My people skills suck ass. There’s no changing it, even though I have learned a few tips and tricks to get more out of people, it only works when I know my subjects well or if my subjects are experienced being in front of the camera. It is what it is. I’m with Worst case, I don’t think it’s something that can be taught. Doesn’t mean I won’t keep trying, hoping to get better at it, but I know it’s not going to come from a book or youtube video, or just by talking about itJanuary 24, 2014 at 8:01 am #16247
Thanks everyone – it’s such a help to have tips and insights from pros into this! Thank you for your time.
The Peter Hurly videos are an excellent resource and very helpful.
I agree that people skills isn’t necessarily something that can be taught as it’s more do to with your personality. I don’t think mine blow altogether as my job was based in working with people and getting the best out of them. But in this case, I just didn’t know what to say as I didn’t want to offend my friend! I know that sounds really dumb. The shoot wasn’t great, but in reflection the experience was exactly what I needed as it’s really opened my eyes to the importance of directing and posing and also developing some kind of patter or rapport.January 24, 2014 at 4:34 pm #16263nesgranParticipant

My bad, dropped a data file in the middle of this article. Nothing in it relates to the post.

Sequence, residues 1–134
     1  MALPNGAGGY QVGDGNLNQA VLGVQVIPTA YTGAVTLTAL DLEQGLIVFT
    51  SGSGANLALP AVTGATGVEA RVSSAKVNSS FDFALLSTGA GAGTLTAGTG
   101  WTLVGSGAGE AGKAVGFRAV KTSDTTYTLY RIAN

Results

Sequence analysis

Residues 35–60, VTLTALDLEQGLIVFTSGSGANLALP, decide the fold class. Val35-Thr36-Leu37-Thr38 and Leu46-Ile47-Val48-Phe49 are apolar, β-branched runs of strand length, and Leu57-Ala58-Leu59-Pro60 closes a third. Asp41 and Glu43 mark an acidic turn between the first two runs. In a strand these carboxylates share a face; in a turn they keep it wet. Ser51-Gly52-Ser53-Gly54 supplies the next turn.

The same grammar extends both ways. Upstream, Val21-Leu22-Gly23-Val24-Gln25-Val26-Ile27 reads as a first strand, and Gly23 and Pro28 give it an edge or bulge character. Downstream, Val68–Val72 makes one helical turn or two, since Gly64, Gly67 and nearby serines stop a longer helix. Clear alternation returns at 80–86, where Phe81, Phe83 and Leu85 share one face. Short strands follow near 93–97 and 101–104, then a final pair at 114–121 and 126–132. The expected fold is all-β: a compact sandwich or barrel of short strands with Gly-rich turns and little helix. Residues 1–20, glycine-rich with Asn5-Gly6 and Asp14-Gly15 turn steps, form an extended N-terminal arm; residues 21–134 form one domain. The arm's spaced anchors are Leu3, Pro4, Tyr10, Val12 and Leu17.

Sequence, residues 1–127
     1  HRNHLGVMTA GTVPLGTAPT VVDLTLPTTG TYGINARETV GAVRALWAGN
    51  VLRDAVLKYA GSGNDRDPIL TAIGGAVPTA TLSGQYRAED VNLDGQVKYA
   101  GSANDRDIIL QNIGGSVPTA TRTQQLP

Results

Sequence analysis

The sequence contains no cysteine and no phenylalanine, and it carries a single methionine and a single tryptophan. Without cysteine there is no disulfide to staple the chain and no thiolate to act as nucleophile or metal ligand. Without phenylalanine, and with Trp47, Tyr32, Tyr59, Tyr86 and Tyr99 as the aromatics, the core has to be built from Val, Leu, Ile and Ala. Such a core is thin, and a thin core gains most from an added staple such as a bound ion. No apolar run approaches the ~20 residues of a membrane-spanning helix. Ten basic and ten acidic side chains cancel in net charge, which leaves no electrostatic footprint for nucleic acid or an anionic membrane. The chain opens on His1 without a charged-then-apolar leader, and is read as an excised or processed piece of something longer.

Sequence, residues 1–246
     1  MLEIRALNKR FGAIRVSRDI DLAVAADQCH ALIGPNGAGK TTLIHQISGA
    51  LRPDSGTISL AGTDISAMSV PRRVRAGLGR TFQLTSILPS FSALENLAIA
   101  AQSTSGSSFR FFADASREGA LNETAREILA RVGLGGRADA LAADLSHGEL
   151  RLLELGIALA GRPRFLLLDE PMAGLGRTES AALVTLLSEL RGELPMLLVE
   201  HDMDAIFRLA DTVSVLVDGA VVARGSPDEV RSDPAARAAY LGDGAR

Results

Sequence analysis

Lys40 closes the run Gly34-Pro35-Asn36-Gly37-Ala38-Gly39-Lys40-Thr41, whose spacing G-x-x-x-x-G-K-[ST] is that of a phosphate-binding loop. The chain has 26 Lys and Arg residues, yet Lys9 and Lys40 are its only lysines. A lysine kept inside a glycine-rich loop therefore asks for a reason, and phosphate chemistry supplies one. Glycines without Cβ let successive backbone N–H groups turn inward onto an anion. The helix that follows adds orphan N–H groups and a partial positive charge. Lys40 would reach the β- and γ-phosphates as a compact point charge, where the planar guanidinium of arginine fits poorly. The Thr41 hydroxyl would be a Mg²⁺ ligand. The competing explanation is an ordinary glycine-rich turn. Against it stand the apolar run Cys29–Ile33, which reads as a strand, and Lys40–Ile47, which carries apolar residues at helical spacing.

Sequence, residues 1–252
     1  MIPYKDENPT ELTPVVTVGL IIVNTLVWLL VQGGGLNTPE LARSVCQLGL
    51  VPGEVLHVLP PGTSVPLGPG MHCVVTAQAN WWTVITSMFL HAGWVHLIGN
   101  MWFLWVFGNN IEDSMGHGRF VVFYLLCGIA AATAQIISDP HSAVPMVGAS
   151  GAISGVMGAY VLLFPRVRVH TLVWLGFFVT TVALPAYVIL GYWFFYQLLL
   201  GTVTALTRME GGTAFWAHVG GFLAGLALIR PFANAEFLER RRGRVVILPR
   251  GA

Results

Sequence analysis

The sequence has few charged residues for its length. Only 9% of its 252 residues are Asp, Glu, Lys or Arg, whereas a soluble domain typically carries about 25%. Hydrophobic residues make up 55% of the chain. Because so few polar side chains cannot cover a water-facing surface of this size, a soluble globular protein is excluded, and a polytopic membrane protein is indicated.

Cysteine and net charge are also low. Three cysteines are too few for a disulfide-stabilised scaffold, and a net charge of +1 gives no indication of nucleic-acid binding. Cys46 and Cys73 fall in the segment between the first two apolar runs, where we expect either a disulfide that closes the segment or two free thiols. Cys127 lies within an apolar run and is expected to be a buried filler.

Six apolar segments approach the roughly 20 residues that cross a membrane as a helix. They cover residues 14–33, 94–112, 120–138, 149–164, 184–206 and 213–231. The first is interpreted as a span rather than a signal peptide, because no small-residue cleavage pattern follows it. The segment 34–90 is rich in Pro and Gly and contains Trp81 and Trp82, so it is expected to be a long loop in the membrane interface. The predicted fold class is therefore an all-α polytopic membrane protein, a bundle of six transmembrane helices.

as for more videos with good photographers, check out the “pro tog cheap camera challenge” on digitalrev’s youtube. While DR is pretty cringe worthy at best seeing the really good photographers using crap gear interacting with people could be good inspirationJanuary 24, 2014 at 6:05 pm #16266
Thanks for that Nesgran. It was great seeing Zack Arias and how he interacts with people, even through a language barrier – the results were lovely too – really inspirational!February 11, 2014 at 2:30 am #16415removebackgroundParticipant